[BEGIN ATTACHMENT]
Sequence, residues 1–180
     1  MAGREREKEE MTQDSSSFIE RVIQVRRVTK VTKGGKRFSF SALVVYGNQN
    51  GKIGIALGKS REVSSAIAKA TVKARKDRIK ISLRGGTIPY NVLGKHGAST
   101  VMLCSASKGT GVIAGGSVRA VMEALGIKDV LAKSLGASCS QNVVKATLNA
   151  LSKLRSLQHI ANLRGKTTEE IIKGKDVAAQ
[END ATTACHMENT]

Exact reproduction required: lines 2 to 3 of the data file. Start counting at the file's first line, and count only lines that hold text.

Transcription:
     1  MAGREREKEE MTQDSSSFIE RVIQVRRVTK VTKGGKRFSF SALVVYGNQN
    51  GKIGIALGKS REVSSAIAKA TVKARKDRIK ISLRGGTIPY NVLGKHGAST